Make a fun, life-sized operation game of your own character! Super easy project for all ages!
Step 1: Materials
Makey Makey Kit
Computer with Scratch Program (free online and offline modes)
Step 2: Paint Your Operation Game Board
Cut your cardboard to whatever size suits your project. Dream up what character you want to use and paint it on the front. My project was for an elementary school science fair interactive table, so I used a character the kids would recognize but not be too upset to operate on (like Elsa).
Step 3: DIY Conductive Tweezers
After you have painted your character, make your tweezers out of chopsticks, a rubberband, paper, and foil.
Wrap the two chopsticks in foil, gluing down as you go. You could also use other conductive materials like wire, copper tape, etc. At the top of the chopsticks I left extra foil twisted up and curving toward each other for the alligator clips to connect the tweezers to the makey makey later.
Roll up a small piece of paper and put it between the chopsticks at the top. Wrap a rubberband around the paper and chopsticks to create tweezers with some resistance.
Step 4: Operating Spots and Back of the Game Board
Now that you know the size of your tweezers, you can plan out where you want your operation spots to be and draw the holes you are going to cut. Think about the size of your operating hole carefully- if it is too big it will be too easy to get the object out; if it is too small you won't be able to get the object out with the tweezers.
Once you have the amount and size of operating holes drawn out, cut them out with the box cutter. Save the shapes you cut out for the next part.
Next I made foil pockets and little supporting boxes for the back of the operating hole. I glued the cardboard that was cut out for the operating holes to a piece of aluminum foil. At one corner of the foil I twisted a small foil "rope" and folded up the rest of the foil to make the walls of the operating hole pocket.
I then glued the cardboard base of the foil pocket into a small cardboard box that would surround and protect the foil. I cut a slit in the side of the box to let the twisted foil "rope" or "wire" out to be connected to the makey makey.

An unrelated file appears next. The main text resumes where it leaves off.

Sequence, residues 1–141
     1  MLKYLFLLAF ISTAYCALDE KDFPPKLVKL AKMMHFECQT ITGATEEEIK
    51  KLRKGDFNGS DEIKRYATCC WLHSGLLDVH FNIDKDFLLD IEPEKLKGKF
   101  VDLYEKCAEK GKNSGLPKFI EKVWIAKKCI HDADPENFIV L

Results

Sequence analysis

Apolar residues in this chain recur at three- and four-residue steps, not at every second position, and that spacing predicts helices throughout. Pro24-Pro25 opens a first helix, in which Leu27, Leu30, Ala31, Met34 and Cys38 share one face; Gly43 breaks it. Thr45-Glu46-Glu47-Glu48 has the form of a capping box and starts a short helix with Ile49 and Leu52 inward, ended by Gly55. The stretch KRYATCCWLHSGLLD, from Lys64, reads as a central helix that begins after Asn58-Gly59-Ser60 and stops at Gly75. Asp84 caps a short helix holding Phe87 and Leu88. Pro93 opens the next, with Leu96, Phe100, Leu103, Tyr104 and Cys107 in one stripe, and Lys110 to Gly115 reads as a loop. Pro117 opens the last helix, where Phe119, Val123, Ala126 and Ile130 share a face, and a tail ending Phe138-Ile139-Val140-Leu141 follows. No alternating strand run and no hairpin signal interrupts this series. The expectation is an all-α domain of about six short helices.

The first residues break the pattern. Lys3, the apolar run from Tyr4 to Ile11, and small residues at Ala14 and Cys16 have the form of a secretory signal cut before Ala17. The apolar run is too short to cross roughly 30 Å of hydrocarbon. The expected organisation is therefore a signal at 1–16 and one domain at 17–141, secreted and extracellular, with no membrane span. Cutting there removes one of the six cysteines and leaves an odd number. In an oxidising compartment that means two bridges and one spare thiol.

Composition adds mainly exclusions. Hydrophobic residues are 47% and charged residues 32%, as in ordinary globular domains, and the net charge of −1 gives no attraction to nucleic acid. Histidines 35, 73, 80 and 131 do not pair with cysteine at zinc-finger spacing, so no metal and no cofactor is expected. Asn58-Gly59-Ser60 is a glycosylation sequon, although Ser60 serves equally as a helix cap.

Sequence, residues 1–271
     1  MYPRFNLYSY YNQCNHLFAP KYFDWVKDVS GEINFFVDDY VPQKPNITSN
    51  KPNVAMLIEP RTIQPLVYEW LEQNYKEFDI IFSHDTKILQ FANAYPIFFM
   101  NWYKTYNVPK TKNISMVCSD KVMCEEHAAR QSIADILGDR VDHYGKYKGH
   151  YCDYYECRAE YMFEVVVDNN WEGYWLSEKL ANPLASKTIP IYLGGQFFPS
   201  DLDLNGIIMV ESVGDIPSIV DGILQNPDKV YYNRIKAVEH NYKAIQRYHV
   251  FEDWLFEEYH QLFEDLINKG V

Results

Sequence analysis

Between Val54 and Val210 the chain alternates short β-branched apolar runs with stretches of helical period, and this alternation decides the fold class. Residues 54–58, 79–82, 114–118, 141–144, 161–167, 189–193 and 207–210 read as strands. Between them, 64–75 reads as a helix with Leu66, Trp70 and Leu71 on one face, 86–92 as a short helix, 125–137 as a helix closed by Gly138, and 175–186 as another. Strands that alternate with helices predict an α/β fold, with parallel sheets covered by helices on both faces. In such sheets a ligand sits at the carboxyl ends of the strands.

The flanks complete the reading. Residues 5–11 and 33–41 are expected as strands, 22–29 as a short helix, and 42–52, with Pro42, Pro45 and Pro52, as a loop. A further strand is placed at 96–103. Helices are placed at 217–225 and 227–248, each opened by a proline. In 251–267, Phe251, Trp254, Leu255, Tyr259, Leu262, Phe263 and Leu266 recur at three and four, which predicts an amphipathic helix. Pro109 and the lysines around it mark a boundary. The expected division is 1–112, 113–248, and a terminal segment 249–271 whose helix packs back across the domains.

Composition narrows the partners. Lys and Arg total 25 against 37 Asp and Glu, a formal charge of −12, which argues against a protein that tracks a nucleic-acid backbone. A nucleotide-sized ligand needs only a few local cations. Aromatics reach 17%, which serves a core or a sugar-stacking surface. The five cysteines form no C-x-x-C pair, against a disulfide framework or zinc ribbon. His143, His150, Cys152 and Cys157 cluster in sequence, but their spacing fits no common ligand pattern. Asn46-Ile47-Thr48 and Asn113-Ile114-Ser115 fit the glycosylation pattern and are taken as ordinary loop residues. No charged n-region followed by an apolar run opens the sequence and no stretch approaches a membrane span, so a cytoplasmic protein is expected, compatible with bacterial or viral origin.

From the back of the game board, I pushed the foil walls up through the operating hole shape and duct-taped the box flush to the back of the game board (with the twisted foil rope sticking out). Next I glued the edges of the walls down onto the game board to make the edge of the operating hole conductive.
After I made all my foil pockets, on the back of the game board I made each twisted foil rope longer and twisted them together in one spot to connect to the makey makey. If you want the game to make different sounds for each operating spot, then leave them separate.
Step 5: Make the Body Part Objects to Pull Out of the Game Board
I used clay to make the body parts for my minion and colored them with marker. I made only three: a leg bone, heart, and banana (bananas on the brain).
Sugru is also a great material to use.
Just make sure whatever object you use in not conductive, or else your buzzer will go off as soon as the tweezers touch the object!
Step 6: Scratch and Makey Makey
The beauty of Makey Makey is that it makes the computer think that you are pressing a key on the keyboard when you complete a circuit with conductive materials. For example, if you clip in a banana to the space bar and touch it while touching the ground, the banana becomes your space bar!
So, when you make the programming on Scratch, use simple commands like "When the space bar is pressed, play buzzer sound" to make your operation game!
My game is based on the Makey Makey project guide at http://makeymakey.com/guides/operation.php . I remixed the game in order to have an actual minion on the screen that changes color when the buzzer goes off.
Scratch is super easy to use for anyone, whether you have coded before or not!
Lastly, You will hook up the makey makey to bring your game to life! Plug in your makey makey with the USB cable.
Using alligator clip/jumper cables (they come with the kit) connect the foil pockets to whichever key corresponds to your Scratch game coding (I used the space bar) on the makey makey.
Next connect your tweezers to the ground on the makey makey. I used two jumper cables connected together to make the tweezer's reach go farther.
Now you are set, start up your game and have fun!